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Uneven SYBR green staining/quantitative DNA gels - (Dec/05/2008 )

I'm trying to do some semi-quantitative PCR. I'm doing the PCR reactions, running them on a 1.2% agarose gel, staining with SYBR green, and quantifying the band intensities using ImageQuant. In initial runs to make sure that I'm in the linear range with my PCR's I noticed that bands near the edges of the gel were brighter than I would have expected. So I did some test runs to see if I could get an even signal. I ran identical 10 ul samples at various positions on the gel and then post-stained with SYBR green and did the quantification. Bands that should be identical are varying by more than 2 fold, with bands in middle lanes being dimmer than those in outer lanes. I'm subtracting background in the quantification so I don't think that uneven background is the source of variability in the signals. And I've ruled out the Typhoon imager I'm using as the source of the problem because these differences are apparent to the naked eye when I put the gel on a UV box. So those bands that should be identical either have varying amounts of DNA or varying amounts of stain present. I don't know why or how either of those things would happen.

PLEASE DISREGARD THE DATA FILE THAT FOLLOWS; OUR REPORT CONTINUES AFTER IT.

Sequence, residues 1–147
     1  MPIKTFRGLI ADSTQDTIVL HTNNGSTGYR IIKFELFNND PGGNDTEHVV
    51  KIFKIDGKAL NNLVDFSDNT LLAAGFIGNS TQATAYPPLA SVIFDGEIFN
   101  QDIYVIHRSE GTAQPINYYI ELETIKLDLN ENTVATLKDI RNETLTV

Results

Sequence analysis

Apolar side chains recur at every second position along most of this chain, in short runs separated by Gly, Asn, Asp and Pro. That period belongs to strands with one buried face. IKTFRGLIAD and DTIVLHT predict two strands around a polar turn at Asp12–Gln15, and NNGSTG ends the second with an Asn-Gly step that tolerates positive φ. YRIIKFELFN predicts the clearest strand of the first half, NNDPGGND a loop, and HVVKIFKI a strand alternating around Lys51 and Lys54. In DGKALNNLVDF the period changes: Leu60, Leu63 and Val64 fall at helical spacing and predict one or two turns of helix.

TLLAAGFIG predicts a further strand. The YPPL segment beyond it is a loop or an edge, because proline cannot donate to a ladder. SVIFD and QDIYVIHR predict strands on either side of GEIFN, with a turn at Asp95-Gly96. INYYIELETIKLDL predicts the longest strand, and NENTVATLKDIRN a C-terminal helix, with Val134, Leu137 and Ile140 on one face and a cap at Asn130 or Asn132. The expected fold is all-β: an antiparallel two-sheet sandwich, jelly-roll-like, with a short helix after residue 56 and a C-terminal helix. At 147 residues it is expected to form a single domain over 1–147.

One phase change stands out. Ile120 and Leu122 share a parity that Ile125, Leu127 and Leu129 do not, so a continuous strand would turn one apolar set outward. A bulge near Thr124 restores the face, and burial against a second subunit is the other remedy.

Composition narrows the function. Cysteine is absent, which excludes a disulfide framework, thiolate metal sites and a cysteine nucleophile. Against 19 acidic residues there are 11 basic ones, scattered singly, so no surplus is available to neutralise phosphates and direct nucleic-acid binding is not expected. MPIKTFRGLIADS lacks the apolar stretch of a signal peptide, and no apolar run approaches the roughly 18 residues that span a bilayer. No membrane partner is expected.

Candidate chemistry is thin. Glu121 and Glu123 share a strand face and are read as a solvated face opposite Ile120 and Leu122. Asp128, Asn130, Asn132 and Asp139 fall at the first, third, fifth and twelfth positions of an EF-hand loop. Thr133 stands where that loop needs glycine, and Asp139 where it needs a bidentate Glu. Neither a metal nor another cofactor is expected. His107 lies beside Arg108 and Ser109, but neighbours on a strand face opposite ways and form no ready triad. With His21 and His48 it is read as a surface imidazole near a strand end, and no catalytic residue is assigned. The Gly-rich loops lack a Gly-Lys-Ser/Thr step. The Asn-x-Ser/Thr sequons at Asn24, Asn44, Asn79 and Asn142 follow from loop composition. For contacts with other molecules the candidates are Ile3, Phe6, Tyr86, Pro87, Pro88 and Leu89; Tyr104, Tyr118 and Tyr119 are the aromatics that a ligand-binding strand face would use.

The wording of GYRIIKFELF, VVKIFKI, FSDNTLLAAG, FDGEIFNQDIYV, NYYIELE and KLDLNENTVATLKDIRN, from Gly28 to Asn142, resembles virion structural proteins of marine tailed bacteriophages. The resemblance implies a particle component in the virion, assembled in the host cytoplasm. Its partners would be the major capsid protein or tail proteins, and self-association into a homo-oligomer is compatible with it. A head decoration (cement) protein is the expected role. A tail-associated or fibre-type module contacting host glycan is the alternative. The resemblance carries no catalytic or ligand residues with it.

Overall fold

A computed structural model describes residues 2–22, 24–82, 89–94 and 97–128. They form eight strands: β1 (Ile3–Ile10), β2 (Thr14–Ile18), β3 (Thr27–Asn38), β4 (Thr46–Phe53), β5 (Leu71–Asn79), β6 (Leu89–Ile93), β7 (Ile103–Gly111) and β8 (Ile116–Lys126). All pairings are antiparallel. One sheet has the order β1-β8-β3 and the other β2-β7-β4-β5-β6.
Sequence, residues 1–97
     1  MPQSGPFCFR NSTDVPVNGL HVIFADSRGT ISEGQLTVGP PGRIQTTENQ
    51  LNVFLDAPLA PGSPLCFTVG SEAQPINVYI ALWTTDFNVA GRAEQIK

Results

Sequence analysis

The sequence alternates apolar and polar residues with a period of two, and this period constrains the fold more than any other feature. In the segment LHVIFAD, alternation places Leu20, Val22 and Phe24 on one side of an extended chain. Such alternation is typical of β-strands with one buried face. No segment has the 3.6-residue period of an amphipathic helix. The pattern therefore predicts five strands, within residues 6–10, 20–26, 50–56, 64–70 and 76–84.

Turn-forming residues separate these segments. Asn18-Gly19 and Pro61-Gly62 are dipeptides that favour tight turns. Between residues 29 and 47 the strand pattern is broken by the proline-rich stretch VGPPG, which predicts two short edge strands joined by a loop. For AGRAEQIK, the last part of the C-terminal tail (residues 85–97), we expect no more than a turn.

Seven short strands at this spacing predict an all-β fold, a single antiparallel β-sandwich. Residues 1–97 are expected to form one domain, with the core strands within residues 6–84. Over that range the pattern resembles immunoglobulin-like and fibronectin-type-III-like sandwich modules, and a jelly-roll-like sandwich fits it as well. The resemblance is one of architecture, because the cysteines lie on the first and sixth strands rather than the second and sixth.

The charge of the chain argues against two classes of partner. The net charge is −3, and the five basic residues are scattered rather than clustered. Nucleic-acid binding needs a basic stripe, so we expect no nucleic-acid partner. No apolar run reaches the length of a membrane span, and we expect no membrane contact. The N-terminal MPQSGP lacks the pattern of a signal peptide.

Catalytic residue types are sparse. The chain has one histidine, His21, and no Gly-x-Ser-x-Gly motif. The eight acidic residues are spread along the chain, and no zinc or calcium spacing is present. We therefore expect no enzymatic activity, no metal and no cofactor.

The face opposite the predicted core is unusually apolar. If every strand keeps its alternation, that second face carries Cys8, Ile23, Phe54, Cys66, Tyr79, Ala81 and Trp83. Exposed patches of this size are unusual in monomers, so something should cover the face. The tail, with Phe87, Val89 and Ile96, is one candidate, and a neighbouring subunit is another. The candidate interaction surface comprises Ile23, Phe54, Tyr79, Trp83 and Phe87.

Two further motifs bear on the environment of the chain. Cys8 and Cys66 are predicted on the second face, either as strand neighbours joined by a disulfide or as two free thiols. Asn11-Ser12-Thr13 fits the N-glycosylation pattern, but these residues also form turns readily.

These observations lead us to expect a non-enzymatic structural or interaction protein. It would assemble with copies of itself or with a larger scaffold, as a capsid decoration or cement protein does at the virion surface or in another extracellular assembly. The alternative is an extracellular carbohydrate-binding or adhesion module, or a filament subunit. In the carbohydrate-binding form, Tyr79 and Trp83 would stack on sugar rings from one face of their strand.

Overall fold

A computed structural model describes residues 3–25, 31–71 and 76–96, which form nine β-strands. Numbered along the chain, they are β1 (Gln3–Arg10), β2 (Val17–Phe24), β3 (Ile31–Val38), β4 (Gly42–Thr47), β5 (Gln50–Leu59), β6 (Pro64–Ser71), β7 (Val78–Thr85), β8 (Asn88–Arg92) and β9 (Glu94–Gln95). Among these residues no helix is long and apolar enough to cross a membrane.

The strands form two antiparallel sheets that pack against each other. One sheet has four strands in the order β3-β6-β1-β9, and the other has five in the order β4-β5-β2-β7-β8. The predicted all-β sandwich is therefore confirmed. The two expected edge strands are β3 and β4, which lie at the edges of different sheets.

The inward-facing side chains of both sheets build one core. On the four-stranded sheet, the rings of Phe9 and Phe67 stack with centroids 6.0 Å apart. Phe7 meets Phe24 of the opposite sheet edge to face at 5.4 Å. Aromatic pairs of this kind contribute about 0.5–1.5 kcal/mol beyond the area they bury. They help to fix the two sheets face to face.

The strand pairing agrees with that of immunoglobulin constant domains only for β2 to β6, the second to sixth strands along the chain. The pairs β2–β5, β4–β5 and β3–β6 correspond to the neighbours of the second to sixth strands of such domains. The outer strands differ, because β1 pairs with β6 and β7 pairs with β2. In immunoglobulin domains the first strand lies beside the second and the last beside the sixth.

I've tried the following, to no avail: increasing the volume of staining buffer so the gel was submerged deeper, increasing the time of soaking in the stain, adding SYBR green directly to the DNA samples before running the gel, and pouring the gel thicker. My next move will be to try a different gel box.

Any ideas/explanations?

-Tom O-

Try adding the SYBR to the gel right after you make it, and cooled a bit (before pouring into the mould) Also, SYBR is light sensitive, one thing is after you make the gel try to cover it with something light-proof or keep it in a dark room. And when running the gel, try in the dark also. Only expose to light when you are loading and capturing the gel pix.

semi-quantitative is just that: semi. So I'd expect things like that, even with ethidium bromide. just improve the best you can and get on with it. if you really want accuracy, maybe you can try real time. which at times can be inaccurate also. haha